Co-creating Effective and Inclusive Organizations/ Organizing:
Putting Equity, Justice & Heartwork at the Center of Whole-Systems Change
This research marks important advances in co-creating inquiry methodology with change agents who are working in and through equity initiatives. Knowledge Designs to Change is about greeting change work from inside the values of the work itself. One aspect of our shared power lies in asking questions and together developing processes that illuminate our lived experiences. Whether we make meaning through words or numbers or art, knowledge processes are about shared and embodied action. My hope is that this report illuminates some ways in which CEIO, as a community of practice, is bringing us together into a more just and equitable future.
Count Them In: A Landscape Analysis of Fairfield County Organizations Supporting Women and Girls
Maximizing investments to achieve equitable outcomes requires a strong network. Strong networks enable a more efficient referral system and more effective use of community and provider resources. When diversity is intentionally honored, these networks can produce more robust strategies and partnerships grounded deeply in what works in communities.
Equitable Participatory Civics in “Millennial” Times: Why Knowledge Matters to Structural Change
Fast-paced; Information and technology rich; Institutional lite; High stakes; Quick mobilization; Decentralized voice and action; Multi-tasked to the max. Whether we are millennials by generation or not, this is our contemporary context. This is where civic sector leaders live. This is also where equity and change approaches often die amidst what feels like strategy overload – the constant flow of “new” ideas, packaged models, and ready-made techniques.
Shifting from ‘Evaluation’ to Valuing: A Six-Year Example of Philanthropic Practice Change and Knowledge Development (2014)
Philanthropy has reached an exciting moment where conversations about evaluation are giving way to broader notions of learning itself as a strategic philanthropic investment. Evaluation is recognized as important, and yet not the only learning needed – particularly within complex social- and policy-change efforts. This article explores five knowledge-development trajectories at one family foundation and includes tools for informing both operations and program strategy.
Learning and Equity in Foundation Practice: A discussion starter about engagement and university learning partnerships (2015)
Foundations have long invested in place-based initiatives and related capacity building, evaluation, and learning processes. Foundation investment into a “knowledge” space has often been presented as neutral, objective, and solely benevolent support. In the past few decades, information production has increased along with the plethora of learning techniques that foundations can use in change initiatives. This brief starts with the assertion that investment into knowledge development must be questioned in relation to issues of power and access to knowledge production itself.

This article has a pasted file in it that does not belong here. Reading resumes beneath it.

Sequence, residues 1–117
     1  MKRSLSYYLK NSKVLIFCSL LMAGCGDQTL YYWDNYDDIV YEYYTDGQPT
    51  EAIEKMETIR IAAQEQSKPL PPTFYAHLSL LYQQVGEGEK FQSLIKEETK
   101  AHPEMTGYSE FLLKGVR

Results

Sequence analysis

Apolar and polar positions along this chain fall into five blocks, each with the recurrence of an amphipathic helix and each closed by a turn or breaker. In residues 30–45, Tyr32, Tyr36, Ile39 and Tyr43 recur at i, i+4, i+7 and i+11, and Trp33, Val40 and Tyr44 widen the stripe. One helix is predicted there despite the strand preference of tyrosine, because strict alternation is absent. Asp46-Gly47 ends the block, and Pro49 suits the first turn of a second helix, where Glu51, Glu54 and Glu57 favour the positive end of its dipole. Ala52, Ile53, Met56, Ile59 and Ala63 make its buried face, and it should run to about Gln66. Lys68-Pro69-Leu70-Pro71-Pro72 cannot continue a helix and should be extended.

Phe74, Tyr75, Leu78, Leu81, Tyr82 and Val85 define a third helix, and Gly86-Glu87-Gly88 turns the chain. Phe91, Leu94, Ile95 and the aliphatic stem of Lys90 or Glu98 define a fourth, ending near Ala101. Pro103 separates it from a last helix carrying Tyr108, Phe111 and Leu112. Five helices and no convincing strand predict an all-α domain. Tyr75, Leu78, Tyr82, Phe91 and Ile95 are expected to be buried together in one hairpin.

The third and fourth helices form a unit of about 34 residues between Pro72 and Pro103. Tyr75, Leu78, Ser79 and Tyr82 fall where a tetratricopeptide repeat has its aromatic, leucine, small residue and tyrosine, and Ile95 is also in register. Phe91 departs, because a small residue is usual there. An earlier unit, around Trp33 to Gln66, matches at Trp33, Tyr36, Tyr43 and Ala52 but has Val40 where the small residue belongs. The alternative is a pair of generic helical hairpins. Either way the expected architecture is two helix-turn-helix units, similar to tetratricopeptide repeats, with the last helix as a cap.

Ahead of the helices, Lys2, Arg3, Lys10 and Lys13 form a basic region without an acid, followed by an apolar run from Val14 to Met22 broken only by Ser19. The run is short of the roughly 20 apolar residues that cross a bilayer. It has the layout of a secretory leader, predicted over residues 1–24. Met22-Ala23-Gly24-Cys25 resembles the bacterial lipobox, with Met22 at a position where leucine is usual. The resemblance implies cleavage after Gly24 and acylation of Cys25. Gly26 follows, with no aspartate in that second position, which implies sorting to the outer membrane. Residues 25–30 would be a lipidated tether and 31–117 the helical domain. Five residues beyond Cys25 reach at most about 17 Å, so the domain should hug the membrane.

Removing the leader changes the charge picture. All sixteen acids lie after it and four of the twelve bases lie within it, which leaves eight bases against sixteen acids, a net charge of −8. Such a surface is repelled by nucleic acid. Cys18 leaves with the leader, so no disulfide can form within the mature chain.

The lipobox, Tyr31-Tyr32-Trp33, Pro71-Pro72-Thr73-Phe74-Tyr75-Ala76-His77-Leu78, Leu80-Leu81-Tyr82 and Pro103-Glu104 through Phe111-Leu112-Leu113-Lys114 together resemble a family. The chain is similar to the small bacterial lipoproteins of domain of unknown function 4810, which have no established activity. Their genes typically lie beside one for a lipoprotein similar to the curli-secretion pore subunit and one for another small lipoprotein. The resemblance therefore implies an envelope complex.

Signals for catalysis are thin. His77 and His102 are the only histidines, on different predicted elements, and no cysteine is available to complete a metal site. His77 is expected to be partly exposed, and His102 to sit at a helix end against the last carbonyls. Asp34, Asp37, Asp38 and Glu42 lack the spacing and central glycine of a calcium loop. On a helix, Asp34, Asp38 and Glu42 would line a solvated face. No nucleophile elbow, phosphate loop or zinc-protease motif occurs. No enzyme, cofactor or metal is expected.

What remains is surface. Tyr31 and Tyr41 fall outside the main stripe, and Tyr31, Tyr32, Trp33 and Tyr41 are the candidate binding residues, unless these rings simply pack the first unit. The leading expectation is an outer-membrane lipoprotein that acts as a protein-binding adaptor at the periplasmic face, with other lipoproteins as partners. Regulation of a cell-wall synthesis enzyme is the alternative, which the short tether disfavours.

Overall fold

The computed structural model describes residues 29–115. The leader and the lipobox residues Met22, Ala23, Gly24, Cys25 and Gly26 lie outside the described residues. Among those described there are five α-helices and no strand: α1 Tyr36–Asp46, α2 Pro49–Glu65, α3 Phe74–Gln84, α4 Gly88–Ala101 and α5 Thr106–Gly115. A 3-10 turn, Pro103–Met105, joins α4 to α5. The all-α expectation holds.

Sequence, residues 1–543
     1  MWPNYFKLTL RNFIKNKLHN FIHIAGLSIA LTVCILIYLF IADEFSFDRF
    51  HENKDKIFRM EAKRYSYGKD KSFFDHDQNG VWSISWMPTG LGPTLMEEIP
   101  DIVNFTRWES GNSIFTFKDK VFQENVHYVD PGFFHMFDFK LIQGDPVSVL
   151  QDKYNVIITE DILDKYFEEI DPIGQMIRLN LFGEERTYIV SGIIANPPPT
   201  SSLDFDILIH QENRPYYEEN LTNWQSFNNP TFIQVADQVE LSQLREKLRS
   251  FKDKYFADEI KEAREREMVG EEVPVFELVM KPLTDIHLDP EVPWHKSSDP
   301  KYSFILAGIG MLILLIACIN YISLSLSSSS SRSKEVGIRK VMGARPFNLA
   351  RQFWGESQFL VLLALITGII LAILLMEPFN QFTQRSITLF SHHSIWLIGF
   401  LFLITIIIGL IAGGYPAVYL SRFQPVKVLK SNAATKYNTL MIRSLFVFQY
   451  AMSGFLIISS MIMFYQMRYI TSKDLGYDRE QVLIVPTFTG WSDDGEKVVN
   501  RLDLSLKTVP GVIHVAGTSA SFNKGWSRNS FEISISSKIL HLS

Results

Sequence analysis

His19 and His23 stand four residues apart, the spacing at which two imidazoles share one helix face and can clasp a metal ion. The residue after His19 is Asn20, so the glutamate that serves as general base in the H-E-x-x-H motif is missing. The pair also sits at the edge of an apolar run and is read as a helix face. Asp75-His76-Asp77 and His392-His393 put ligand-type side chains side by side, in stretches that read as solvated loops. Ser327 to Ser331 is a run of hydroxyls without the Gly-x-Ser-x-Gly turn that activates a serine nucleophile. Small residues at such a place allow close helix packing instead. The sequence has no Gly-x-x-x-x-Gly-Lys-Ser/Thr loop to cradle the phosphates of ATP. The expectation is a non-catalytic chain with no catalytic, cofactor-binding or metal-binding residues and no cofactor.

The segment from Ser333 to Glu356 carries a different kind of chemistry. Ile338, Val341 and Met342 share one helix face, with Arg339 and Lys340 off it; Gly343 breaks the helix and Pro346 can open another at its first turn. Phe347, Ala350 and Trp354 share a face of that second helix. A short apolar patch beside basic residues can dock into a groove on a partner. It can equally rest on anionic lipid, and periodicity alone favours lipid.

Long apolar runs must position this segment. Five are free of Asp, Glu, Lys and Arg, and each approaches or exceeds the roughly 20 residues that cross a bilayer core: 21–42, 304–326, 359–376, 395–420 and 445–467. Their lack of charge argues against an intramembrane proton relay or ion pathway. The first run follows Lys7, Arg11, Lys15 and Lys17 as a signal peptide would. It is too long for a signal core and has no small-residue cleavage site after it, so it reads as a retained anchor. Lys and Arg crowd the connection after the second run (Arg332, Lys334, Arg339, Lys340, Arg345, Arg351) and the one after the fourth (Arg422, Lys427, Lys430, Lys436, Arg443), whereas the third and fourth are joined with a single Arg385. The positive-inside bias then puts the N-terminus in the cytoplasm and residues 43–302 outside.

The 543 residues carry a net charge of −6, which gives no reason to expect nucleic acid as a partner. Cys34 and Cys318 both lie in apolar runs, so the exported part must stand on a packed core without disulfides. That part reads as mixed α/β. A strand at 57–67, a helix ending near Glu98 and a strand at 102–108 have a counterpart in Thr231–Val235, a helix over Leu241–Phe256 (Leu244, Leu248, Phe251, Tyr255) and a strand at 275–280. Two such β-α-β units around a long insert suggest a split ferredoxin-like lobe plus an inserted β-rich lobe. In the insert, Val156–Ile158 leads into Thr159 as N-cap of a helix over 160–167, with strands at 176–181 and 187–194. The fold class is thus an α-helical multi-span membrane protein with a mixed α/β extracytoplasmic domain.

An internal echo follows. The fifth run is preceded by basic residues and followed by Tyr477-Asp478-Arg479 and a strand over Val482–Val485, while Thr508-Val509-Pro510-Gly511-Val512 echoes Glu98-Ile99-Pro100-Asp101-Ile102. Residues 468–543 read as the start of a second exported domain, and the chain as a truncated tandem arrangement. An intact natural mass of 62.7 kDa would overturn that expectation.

Network Learning, Nonprofits and Social Diversities (2011)
This poster presentation offers musings on network learning that can serve as a discussion starter about networks, systems, and diversity and the relationships of these to network learning and methods. The document includes questions that raise up issues of structure and inequity.
Constructing Collaborative Success for Network Learning: The Story of the Discovery Community Self-Assessment Tool (2010)
Despite conversations about the importance of community collaboration, foundations continue to struggle with how to best frame and support collaborative success. This article shares a story of the development and initial use of the Discovery Community Self-Assessment Tool as a process of social construction critical to collective action and a possible indicator of network learning.
Encyclopedia of Activism and Social Justice (2007) Participatory Democratic Leadership
This encyclopedia entry discusses various framings of leadership and traces the notions of participation, democracy and social construction in relation to contemporary leadership challenges and opportunities. “To ask then about how people take part or share in power is the heart of both participatory democratic questioning and the associated task of leadership. This questioning is both collectively and individually reflexive as people come to understand and voice their own values in the context of their understandings of the values of others…”
Identifying transcendence in educating for public service: reflections on
qualifying to teach as a pedagogic example (2008)
In this critically reflective piece, I describe the design of a foundations of education course and my first year teaching experience. I discuss thematic statements of issues that emerged as I came to construct the meaning of my experience and evolving ideas about teaching for public service professions. These included that: a.) Questioning is not ‘normal’ for everyone; b.) The experience of classroom safety may be different for student participants than for teacher participants; c.) Reflection is a situated responsibility; and d.) Assessment and authority interact within the context of learning in a formal classroom.